iRhythm’s Zio Wearable Patch Detects Previously Undiagnosed Atrial Fibrillation, Prevents Stroke

Wearables maker iRhythm Technologies on Monday released data suggesting its Zio patch increased...

Photo credit: iRhythm

Wearables maker iRhythm Technologies on Monday released data suggesting its Zio patch increased the rate of atrial fibrillation (AFib) detection and reduced cardiac events, in results presented at the American Heart Association's annual scientific meeting.

Read more: Alphabet and iRhythm Partner Up to Develop Health Management Solutions for Atrial Fibrillation Patients

Atrial fibrillation (AF or AFib) is a quivering or irregular heartbeat, also known as an arrhythmia, which can lead to blood clots, stroke, heart failure, and other heart-related complications. Normally, your heart contracts and relaxes to a regular beat. In AF, the upper chambers of the heart (the atria) beat irregularly instead of beating effectively to move blood into the ventricles.

CDC estimates that 12.1 million people in the United States will have AFib in 2030. In 2018, 175,326 deaths occurred due to AFib. People of European descent are more likely to have AFib than African Americans.

The three-year-long mHealth Screening to Prevent Strokes (mSToPS) study evaluated the detection of silent, or previously undiagnosed, atrial fibrillation (AFib) in moderate-risk individuals using the FDA-cleared Zio by iRhythm ambulatory monitoring patch. This study is the first siteless, nationwide study of its kind and was led by researchers at the Scripps Research Translational Institute, in partnership with collaborators, Aetna and Janssen Pharmaceuticals, reports GlobeNewswire.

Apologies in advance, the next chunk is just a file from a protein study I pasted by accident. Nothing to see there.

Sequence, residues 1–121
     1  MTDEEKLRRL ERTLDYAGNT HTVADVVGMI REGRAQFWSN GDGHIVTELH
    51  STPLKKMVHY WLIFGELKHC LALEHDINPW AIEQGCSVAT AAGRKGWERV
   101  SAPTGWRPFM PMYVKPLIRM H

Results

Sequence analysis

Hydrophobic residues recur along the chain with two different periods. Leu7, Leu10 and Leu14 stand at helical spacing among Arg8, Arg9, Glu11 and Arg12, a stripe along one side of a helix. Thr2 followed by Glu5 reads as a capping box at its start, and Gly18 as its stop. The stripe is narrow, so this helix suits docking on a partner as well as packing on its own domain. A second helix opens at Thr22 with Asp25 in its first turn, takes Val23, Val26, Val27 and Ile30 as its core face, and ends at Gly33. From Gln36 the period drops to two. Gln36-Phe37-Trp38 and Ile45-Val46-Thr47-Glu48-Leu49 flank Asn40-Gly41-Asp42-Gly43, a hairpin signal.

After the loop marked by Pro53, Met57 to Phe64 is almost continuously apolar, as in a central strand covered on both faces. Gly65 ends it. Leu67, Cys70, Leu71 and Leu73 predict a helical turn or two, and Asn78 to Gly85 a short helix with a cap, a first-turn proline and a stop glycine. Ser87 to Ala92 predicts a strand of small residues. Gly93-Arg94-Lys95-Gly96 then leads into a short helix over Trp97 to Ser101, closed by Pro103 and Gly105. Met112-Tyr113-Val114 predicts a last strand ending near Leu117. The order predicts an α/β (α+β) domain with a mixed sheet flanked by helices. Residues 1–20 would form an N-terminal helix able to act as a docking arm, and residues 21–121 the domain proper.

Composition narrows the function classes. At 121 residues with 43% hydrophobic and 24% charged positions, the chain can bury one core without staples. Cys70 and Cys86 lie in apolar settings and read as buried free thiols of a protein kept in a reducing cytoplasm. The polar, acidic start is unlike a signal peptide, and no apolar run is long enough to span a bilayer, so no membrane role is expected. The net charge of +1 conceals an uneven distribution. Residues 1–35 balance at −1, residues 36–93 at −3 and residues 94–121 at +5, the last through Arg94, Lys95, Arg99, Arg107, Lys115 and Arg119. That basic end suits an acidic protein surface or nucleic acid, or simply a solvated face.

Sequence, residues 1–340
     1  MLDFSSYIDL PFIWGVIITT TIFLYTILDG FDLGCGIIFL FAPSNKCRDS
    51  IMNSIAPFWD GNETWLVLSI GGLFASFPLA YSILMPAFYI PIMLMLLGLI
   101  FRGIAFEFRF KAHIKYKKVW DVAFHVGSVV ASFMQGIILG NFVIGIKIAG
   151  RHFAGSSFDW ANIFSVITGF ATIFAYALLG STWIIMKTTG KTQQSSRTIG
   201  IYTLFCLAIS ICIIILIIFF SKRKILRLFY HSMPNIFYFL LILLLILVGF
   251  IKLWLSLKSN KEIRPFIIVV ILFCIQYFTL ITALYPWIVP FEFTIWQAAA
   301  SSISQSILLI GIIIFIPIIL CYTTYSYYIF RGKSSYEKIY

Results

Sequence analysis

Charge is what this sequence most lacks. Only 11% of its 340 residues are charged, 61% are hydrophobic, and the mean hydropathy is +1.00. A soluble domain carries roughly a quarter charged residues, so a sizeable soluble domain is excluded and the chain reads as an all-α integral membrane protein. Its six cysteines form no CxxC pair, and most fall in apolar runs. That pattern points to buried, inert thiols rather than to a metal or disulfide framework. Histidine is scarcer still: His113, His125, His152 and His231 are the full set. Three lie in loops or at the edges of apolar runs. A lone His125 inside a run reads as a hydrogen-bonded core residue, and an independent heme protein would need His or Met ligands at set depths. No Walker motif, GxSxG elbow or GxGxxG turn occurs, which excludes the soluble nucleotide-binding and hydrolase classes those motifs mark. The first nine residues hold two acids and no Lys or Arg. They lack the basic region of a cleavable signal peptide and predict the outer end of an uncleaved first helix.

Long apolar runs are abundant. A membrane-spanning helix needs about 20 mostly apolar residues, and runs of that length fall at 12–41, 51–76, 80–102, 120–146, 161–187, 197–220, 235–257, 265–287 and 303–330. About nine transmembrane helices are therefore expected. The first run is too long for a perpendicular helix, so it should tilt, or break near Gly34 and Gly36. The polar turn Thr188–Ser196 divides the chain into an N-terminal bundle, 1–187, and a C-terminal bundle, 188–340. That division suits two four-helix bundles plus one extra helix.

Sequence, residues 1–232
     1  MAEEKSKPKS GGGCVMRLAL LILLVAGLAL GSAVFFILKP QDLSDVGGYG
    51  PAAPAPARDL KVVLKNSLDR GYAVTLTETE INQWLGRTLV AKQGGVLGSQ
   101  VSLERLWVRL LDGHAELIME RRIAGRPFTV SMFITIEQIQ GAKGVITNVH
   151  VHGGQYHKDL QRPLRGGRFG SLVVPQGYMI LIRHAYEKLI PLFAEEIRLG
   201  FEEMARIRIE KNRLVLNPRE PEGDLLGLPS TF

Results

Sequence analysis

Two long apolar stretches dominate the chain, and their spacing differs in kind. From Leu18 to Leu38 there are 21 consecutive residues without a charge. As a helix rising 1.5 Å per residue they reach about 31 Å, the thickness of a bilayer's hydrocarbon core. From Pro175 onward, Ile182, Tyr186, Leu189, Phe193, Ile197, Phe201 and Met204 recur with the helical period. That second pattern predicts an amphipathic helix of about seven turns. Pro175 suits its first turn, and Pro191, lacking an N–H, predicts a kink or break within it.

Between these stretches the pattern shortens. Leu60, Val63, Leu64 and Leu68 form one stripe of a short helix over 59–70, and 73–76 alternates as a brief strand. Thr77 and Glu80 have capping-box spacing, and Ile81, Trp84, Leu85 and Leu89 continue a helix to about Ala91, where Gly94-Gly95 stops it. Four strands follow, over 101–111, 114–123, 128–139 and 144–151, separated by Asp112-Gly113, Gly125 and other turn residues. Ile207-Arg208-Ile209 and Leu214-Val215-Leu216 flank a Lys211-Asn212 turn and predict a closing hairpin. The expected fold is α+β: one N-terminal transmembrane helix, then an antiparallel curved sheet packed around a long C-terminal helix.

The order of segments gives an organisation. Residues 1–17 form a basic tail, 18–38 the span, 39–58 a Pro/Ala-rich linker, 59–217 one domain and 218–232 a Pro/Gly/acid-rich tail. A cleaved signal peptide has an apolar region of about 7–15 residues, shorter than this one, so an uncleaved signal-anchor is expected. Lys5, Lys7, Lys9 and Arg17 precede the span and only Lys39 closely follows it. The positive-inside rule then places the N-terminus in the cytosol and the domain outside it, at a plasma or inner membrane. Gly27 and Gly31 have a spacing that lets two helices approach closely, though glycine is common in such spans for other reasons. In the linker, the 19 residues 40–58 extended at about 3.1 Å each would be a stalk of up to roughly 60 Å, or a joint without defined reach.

The study aimed to determine if participant-generated data available through a wearable ECG patch could improve the identification of AFib relative to routine care and to determine if screening for AFib by wearing Zio could improve clinical outcomes at three years after the initiation of screening.

At the end of three years after the initial onset of monitoring:

  • AFib was newly diagnosed in 11.4% of those actively monitored with Zio versus only 7.7% of the control group (a statistically significant 48% improvement).
  • The trial found the incidence rate of a cardiac event (stroke, myocardial infarction, systemic embolism, or death) was 8.4 per 100 person-years in people diagnosed with AF who underwent active monitoring, compared to the control group incidence rate of 13.8 per 100 person-years (a statistically significant improvement). This data demonstrates Zio’s detection of AFib in moderate-risk patients supported the prevention of serious cardiac events after diagnosis.
  • Active monitoring with Zio also led to fewer hospitalizations for bleeding, the primary safety endpoint for the study (incidence rate of 0.32 per 100 person-years versus 0.71 per 100 person-years).
  • Active monitoring also led to fewer total hospitalizations (12.9 versus 18.9 per 100 person-years).

Ultimately, the mSToPS study found that active screening for AF, as part of a prospective, pragmatic, direct-to-participant, and nationwide study, was associated with a significant improvement in clinical outcomes and safety at three years relative to routine care.

“Through clinical validation with studies like mSToPS, iRhythm demonstrates the importance of shifting to preventative and more proactive care to catch undiagnosed atrial fibrillation and improve the lives of millions of people,” said Kevin King, CEO of iRhythm. “Zio also helps decrease costs associated with increased healthcare utilization and more significant, potentially life-threatening clinical events. At iRhythm, we are helping to create a new standard of patient care.”

Read more: Apple Heart Study Shows Wearable Technology Can Help Detect Atrial Fibrillation

iRhythm is a leading digital health care company redefining the way cardiac arrhythmias are clinically diagnosed. The company combines wearable biosensor devices worn for up to 14 days and cloud-based data analytics with powerful proprietary algorithms that distill data from millions of heartbeats into clinically actionable information.

Sam Draper
November 19, 2020

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